Churchill Papers Added to World Memory Register
Winston Churchill’s vast archive has been added to UNESCO’s International Memory of the World Register. The United Nations Educational, Scientific, and Cultural Organization (UNESCO) established the Memory of the World Project in 1992 as an international initiative to safeguard the documentary heritage of humanity against collective amnesia, neglect, the ravages of time and climatic conditions, and wilful and deliberate destruction. It calls for the preservation of valuable archive, library, and private collections all over the world.
The Churchill Archives Centre at Cambridge University’s Churchill College houses the Churchill Papers, a priceless collection of more than one million documents written by or belonging to the former British Prime Minister. Archives Director Allen Packwood said: “The archive of Sir Winston Churchill is unique and irreplaceable. It is the evidence that underpins the story of one of the most remarkable leaders of the modern era….It includes his original annotated notes for his famous international broadcasts and correspondence with the great politicians, military leaders, authors, scientists, and thinkers of his age.”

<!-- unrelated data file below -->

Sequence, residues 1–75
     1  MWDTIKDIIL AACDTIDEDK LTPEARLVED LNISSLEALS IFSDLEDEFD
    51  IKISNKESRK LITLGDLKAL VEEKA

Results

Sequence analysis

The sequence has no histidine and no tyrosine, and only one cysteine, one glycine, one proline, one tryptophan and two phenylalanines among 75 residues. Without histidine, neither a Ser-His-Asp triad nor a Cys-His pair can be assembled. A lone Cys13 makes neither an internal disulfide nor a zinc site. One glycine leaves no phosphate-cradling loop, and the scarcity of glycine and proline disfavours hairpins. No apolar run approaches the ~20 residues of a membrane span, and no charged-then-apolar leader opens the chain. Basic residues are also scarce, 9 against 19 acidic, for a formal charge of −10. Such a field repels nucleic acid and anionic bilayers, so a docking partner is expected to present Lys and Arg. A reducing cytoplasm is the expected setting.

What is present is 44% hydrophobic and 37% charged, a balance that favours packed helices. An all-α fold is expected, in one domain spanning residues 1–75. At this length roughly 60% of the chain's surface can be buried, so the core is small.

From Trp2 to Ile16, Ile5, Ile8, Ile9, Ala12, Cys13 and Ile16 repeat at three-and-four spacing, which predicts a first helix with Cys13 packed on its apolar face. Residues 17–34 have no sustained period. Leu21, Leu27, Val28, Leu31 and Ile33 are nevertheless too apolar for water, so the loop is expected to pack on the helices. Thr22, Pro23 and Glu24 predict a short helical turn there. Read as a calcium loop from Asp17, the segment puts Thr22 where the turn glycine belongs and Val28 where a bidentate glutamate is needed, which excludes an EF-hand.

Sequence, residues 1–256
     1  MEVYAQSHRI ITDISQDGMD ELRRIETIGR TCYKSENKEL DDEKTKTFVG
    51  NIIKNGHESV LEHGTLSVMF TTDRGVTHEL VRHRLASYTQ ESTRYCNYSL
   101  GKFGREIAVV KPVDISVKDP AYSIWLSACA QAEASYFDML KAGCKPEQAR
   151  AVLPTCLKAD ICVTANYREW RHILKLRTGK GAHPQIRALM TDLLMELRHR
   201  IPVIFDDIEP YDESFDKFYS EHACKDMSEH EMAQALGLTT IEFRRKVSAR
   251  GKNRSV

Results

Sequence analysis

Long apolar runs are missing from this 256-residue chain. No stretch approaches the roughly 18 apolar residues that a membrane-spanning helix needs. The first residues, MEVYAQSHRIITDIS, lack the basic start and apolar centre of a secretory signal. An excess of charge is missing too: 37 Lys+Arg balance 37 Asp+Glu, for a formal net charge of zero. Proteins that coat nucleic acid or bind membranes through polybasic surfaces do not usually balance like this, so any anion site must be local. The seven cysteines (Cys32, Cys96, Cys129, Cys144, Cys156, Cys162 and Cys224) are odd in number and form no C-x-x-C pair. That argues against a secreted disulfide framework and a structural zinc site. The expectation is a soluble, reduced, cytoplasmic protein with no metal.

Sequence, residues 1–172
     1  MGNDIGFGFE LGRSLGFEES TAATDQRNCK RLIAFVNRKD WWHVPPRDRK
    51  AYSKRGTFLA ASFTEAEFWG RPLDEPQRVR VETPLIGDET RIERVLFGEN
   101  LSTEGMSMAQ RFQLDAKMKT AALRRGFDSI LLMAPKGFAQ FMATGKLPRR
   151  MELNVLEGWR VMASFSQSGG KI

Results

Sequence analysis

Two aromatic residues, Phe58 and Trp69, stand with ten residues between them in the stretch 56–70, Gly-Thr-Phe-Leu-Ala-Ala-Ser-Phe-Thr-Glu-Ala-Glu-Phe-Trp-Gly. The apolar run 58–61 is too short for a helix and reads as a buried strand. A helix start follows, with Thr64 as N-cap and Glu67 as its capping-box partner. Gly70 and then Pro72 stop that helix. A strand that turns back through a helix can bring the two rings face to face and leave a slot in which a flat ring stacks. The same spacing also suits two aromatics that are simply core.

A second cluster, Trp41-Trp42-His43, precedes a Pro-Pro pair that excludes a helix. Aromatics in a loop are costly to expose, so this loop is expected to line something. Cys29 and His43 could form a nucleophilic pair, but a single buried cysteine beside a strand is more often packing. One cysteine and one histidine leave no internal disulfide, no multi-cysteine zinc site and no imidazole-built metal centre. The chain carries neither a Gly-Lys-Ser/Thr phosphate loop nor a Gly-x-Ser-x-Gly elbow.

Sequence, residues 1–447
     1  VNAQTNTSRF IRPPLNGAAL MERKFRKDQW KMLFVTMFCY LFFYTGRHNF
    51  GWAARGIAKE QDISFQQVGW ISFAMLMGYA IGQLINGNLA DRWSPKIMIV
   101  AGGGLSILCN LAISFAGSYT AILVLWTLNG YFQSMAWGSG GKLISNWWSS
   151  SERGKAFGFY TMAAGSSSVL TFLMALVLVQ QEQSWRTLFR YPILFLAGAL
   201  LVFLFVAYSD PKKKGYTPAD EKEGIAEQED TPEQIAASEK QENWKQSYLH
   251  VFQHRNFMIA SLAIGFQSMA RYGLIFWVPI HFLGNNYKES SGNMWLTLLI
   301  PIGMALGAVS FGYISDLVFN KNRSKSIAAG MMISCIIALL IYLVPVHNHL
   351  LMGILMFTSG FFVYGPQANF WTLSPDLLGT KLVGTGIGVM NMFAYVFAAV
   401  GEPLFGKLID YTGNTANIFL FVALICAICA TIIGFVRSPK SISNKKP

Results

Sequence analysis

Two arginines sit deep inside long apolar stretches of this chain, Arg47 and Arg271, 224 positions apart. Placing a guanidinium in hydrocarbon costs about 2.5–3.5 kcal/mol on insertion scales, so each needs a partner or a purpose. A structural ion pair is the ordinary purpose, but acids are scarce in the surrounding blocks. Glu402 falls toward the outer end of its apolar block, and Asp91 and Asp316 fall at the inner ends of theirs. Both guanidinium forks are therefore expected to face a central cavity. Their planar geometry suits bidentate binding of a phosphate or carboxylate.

Churchill’s post-1945 papers were passed to Churchill College in 1969 by his widow Clementine Churchill. The College built and opened the Churchill Archives Centre in 1973 and Sir Winston’s pre-1945 papers were transferred to the Centre from Oxford’s Bodleian Library in 1974–75. The archive allows unrivalled access into the life, times, and mind of Churchill; from his early correspondence with his family through to his retirement years.
Dr Alice Prochaska, Chair of the Sir Winston Churchill Archive Trust, which owns the papers for the nation, said: “It is a fantastic privilege and a very great pleasure to see the Sir Winston Churchill Archive inscribed at as part of the Memory of the World. This amazing documentary resource brings benefit to scholars, schools, and citizens: a legacy to future generations from one of the world.”